The Atlantic: Against ‘Long-Form Journalism’.
Guardian.UK: News is bad for you – and giving up reading it will make you happier.
The Atlantic: Can’t Print Magazines Be Saved? Does It Matter If They Aren’t?
“The fact is that digital delivery, which we regard as indispensable, is expensive.” I have to laugh at that; that’s not the way digital delivery was sold to us. “It’ll cost less than physical printing!” Or do I remember incorrectly?
I enjoy iPad magazines, but I still find I miss their paper counterparts. I’m chalking it up to a generational bias.
Mashable: Will TV Networks Broadcast Newtown 911 Calls?
I don’t know why they would. They don’t solve any mysteries. They just reopen old wounds, but lightly healed. If I were a media outlet, I’d put my foot down.
The Dish: The Truthiness Of Buzzfeed.
“All I can say is that I don’t think they have fully grasped how being part of an entertainment/public relations site whose core mission is making money can in any way be compatible with the profession formerly known as journalism.” This kind of behavior just makes it harder for everyone to get to the facts.
Speaking of weblogs and websites in general — I find myself, on certain stories, searching a half-dozen levels deep trying to find any corroboration at all. You’d be surprised how many stories I choose to dump, rather than post (probably around 90-95%).
And no, Buzzfeed is *not* in my RSS reader.
Livestream: The Future of Digital Longform.
On Friday, there’s going to be a symposium of sorts on digital longform journalism, that some might want to tune in and listen to. Via the Columbia Journalism School.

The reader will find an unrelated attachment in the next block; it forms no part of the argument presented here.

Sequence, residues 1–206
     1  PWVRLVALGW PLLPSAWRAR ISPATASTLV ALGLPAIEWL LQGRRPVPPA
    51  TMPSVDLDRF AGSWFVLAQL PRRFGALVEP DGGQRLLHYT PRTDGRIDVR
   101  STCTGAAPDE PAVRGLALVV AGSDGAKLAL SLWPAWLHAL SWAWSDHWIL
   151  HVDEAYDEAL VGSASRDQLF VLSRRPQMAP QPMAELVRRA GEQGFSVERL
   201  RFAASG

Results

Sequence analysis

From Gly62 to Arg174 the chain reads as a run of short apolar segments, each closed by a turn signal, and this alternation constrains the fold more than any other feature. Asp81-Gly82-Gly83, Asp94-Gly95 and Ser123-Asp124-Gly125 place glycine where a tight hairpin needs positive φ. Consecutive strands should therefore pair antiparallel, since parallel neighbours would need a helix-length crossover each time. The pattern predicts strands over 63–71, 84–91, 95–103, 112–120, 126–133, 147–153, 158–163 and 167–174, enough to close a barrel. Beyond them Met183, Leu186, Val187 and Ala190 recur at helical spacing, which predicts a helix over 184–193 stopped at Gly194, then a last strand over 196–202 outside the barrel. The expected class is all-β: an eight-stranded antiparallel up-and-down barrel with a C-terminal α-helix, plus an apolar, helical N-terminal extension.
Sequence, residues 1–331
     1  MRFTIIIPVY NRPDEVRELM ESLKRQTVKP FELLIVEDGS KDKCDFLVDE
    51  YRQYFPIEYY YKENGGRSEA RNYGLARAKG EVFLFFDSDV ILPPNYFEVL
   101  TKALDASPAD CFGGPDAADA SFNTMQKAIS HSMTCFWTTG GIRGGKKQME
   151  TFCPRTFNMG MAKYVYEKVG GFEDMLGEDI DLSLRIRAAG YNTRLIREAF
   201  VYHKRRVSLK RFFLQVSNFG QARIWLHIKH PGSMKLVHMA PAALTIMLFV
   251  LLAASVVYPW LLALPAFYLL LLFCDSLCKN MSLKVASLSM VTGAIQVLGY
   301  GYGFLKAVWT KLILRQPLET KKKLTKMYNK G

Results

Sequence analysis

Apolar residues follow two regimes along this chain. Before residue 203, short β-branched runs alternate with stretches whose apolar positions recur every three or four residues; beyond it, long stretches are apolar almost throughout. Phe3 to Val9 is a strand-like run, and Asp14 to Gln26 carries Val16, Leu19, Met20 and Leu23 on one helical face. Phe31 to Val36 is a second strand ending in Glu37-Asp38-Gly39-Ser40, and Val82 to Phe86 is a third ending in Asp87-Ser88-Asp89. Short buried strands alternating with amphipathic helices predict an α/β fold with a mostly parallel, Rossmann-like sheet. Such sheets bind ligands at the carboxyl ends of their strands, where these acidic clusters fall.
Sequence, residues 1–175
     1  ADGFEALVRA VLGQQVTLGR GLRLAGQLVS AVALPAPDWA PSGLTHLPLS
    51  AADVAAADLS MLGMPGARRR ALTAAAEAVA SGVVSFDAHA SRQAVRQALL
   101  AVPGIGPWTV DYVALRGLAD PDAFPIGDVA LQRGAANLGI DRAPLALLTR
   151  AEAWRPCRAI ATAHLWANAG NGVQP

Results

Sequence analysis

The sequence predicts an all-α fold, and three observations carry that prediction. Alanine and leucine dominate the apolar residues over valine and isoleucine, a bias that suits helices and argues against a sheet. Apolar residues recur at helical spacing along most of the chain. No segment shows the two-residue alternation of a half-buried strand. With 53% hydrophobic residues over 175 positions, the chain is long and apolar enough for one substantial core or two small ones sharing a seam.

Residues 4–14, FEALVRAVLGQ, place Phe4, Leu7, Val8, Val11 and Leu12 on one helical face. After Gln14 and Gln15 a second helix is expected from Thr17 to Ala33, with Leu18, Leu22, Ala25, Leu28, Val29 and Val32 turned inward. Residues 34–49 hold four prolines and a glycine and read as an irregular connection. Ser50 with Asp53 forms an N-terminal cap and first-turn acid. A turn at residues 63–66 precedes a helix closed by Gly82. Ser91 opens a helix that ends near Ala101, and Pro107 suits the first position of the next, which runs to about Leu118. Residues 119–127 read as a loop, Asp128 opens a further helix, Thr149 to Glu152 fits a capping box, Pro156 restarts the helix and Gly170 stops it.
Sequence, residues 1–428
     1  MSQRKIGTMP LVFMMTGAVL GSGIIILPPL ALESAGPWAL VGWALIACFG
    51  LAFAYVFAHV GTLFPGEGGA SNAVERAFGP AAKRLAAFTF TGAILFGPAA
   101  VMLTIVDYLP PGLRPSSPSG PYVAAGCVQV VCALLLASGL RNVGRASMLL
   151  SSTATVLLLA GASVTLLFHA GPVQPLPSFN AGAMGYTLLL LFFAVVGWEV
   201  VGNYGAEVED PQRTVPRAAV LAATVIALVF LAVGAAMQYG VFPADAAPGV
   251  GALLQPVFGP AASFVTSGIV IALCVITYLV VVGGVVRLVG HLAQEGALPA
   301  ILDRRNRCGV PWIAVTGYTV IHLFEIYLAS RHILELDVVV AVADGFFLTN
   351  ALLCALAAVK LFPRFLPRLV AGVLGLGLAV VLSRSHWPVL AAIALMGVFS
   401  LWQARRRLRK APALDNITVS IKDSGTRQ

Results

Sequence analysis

CNN: Amazing new video of shipwreck rescue
Three days after a tugboat sank with (supposedly) no survivors, body recovery divers find a crewman alive in the wreck, and rescue him. Feel-good for the day.
CNN Opinion: Young men, get a ‘yes’ text before sex.
Hmmm. Reading this, I wondered about the admissability of texts. Here. It seems they are, in combination with voicemails, geotagged metadata and browsing histories, becoming commonplace in the courtroom.
I suppose I fear that in all too many situations a pre-event ‘yes’ could very well end up a ‘no’ in person.
Having a hard time today finding links worth posting.
Not sure if it’s me, or just the news cycle.
Vimeo: 7 Photojournalism Tips, by Reuters Photographer Damir Sagolj.
Slate: Conspiracy theory psychology.
“The answer is that people who suspect conspiracies aren’t really skeptics. Like the rest of us, they’re selective doubters. They favor a worldview, which they uncritically defend. But their worldview isn’t about God, values, freedom, or equality. It’s about the omnipotence of elites.” That goes into the DM! lexicon for future use: “omnipotent elites”. On the lookout for the generic omnipotent “them” in articles.
LA Times: Bloomberg downsizes arts coverage, lays off stage critic.
“Bloomberg plans to continue to cover the arts, but with an emphasis on luxury.” Veyrons, yachts and expensive travel resorts, no doubt. Money’s the muse.
Buffer: How a content style guide can enhance your blog’s quality.
“The tone of your blog deals with how content is written rather than how it appears. Again, to borrow an example from the Economist, here is what their style guide’s tone establishes:
Do not be stuffy.
Use the language of everyday speech.
Do not be hectoring or arrogant.
Do not be too pleased with yourself.
Do not be too chatty.
Do not be too didactic.
Do your best to be lucid.”
Me here. Let’s see how I score. #1. Fail. #2. Fail. #3. Fail. #4. Fail. #5. Fail. #6. Fail. #7. Win.
You know, I think I could probably find a day’s postings where I fail all of those within a single morning. I prefer to embrace the colorful foliage of character, without reference to journalistic limitations.
I totally agree about a visual style guide. I used to use no formatting and all-lowercase letters, and STILL was the #4 meme-generator on the internet. Thus, I found being style-less was very stylin’.
Seriously, there are no hard-and-fast rules. Look to your niche, your goals, your competition (if you care), and style accordingly. But please, don’t eliminate character from your prose. Pretty please.
Via Email: A reader says I fail #7 regularly too. Huzzah! Slam dunk.